Every marketer knows that one of your greatest assets is your email list.  In the '90s and early '00s, relatively little attention was paid to how you actually built that mailing list;  the focus was on building the biggest mailing list possible, and mailing lists were often bought, sold, or shared.  Nobody really thought about the concept of "permission", after all email was the closest thing to free advertising and marketing you could get, and if somebody had an email address, it was considered fair game.

So, back then, when one thought of email acquisition, they usually thought in terms of getting as many email addresses as they could to add to their list, or to have mailing access to a large shared or purchased list.

But that was then, and this is now.  For at least a decade the reality has been that you need to have the actual permission of the owner of the email address before you put them on your mailing list.

Obviously this has put a crimp in how email addresses are acquired, and how mailing lists are built.

So what's a conscientious marketer to do?


(continued on the Only Influencers Website)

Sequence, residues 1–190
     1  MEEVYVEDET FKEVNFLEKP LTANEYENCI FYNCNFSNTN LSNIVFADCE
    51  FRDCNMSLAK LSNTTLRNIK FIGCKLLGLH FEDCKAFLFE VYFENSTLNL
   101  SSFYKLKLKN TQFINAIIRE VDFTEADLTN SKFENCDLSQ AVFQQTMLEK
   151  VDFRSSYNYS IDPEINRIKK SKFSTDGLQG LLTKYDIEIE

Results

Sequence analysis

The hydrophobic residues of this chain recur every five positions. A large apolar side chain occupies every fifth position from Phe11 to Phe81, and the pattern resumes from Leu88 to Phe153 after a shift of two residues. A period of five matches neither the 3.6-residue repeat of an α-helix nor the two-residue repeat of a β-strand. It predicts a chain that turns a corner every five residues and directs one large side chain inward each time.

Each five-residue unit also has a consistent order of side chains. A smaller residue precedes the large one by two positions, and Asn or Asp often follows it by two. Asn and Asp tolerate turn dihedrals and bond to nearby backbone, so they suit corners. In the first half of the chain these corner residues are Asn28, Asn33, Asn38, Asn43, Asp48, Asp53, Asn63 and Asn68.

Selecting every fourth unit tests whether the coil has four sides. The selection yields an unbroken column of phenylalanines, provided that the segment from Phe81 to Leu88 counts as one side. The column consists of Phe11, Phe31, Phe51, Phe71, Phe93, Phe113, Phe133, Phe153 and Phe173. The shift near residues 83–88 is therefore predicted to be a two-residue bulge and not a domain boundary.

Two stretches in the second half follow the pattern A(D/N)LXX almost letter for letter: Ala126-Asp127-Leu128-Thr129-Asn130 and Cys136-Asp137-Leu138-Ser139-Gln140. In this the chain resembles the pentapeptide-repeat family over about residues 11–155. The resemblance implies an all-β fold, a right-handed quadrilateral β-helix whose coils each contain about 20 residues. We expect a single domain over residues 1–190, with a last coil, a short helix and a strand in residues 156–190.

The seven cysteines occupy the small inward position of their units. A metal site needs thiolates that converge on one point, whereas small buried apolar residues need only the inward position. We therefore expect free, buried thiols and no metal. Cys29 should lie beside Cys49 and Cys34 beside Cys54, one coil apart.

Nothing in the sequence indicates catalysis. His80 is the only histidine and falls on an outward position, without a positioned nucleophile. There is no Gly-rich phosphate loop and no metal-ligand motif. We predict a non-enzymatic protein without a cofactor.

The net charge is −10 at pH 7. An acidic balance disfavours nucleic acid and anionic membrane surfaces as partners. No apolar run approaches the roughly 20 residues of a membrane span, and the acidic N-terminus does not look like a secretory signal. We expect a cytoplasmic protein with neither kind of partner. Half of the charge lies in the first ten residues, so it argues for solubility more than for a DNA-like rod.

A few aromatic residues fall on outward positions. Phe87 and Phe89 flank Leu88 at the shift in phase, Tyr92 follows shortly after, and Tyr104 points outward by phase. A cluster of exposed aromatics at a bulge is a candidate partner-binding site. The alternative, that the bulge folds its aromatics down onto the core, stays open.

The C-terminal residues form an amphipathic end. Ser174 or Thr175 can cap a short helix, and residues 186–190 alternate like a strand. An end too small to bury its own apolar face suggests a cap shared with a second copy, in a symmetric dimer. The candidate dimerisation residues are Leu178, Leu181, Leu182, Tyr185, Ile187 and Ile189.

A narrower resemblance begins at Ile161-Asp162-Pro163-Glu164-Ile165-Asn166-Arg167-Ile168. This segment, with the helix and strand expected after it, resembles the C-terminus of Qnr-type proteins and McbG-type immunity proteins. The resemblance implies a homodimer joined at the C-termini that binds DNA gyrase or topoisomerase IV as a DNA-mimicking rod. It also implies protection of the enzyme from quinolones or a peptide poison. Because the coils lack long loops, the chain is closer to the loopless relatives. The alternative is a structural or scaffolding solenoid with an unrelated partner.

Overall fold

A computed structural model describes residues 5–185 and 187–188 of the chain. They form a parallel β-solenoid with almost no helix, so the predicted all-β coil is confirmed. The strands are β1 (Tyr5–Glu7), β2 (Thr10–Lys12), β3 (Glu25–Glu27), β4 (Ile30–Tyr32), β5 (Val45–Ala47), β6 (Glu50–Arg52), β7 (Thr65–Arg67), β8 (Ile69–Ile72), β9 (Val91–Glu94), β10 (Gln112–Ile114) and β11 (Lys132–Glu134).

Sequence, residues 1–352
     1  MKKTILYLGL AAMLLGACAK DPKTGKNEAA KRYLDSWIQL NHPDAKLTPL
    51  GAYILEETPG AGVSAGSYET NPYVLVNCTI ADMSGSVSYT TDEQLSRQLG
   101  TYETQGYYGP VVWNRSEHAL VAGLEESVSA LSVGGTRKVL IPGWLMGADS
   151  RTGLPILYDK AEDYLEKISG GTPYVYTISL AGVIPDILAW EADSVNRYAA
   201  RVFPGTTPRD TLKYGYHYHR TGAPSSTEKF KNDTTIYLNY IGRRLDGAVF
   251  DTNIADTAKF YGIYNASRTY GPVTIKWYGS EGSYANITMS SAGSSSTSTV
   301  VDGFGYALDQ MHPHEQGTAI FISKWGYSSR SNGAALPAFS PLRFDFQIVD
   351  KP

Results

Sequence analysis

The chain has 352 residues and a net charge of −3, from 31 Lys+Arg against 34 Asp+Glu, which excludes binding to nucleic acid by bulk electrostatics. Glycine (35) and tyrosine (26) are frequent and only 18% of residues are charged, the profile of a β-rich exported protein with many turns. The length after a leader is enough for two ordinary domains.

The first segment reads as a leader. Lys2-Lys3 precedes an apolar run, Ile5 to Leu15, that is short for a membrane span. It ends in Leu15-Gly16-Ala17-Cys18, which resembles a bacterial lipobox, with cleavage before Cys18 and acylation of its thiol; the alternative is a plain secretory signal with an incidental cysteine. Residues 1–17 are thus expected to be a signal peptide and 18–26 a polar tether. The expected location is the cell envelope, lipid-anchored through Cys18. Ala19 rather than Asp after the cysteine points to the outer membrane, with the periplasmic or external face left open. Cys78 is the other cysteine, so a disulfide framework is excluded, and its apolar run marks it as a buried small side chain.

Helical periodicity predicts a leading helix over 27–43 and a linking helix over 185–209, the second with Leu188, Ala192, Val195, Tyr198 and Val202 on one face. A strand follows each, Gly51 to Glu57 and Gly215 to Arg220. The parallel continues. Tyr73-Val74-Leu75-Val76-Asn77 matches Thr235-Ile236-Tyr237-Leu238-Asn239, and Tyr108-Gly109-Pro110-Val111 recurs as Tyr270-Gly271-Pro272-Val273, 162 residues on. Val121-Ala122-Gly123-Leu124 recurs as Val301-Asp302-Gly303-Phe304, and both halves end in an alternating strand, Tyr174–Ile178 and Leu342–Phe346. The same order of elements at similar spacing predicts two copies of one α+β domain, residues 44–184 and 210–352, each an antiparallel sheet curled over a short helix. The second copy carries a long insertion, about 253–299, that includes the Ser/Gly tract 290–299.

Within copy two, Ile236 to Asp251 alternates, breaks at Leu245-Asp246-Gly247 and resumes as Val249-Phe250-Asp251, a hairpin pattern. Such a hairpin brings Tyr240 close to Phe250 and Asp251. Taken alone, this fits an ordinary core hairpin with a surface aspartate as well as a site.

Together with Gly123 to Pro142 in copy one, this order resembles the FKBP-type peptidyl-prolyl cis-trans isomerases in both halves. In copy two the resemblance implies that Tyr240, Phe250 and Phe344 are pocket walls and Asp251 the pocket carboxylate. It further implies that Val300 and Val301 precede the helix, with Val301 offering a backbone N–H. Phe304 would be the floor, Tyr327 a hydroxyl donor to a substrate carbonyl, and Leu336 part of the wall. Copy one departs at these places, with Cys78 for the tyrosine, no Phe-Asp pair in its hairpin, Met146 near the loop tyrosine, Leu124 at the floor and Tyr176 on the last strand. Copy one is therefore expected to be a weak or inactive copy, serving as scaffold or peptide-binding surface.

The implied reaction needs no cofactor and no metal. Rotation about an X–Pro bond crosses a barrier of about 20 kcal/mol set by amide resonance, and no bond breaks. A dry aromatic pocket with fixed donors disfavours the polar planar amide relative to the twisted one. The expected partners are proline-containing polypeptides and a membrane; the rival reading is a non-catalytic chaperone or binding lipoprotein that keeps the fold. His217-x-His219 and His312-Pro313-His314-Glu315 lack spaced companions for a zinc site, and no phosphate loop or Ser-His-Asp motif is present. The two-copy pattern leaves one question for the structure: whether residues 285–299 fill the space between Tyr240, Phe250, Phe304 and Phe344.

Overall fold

Continue reading "The Slippery Slope of Email Acquisition"

Email Acquisition: Focusing on the Forest, Instead of the Trees

by Jeanne Jennings

Bill is looking for articles on email acquisition this week – in other words, missives on ways for an organization to grow its email list. I have some standard ways that I address that topic, and to my dismay, I used them back in December 2013 in a post for this blog.

But it now occurs to me that I might have more to say on the subject.

As email marketers we often get ‘in the weeds’ – focused on whether or not the opt-in box is checked (if you’re collecting email addresses from Canadians, CASL says it matters), agonizing over where the email sign-up call-to-action appears on your Website and trying to figure out if someone who offers to send your ‘sign up today’ message to 70 million qualified (according to them) prospects around the world is worth the $1,500 they’re going to charge you (hint: it’s likely not).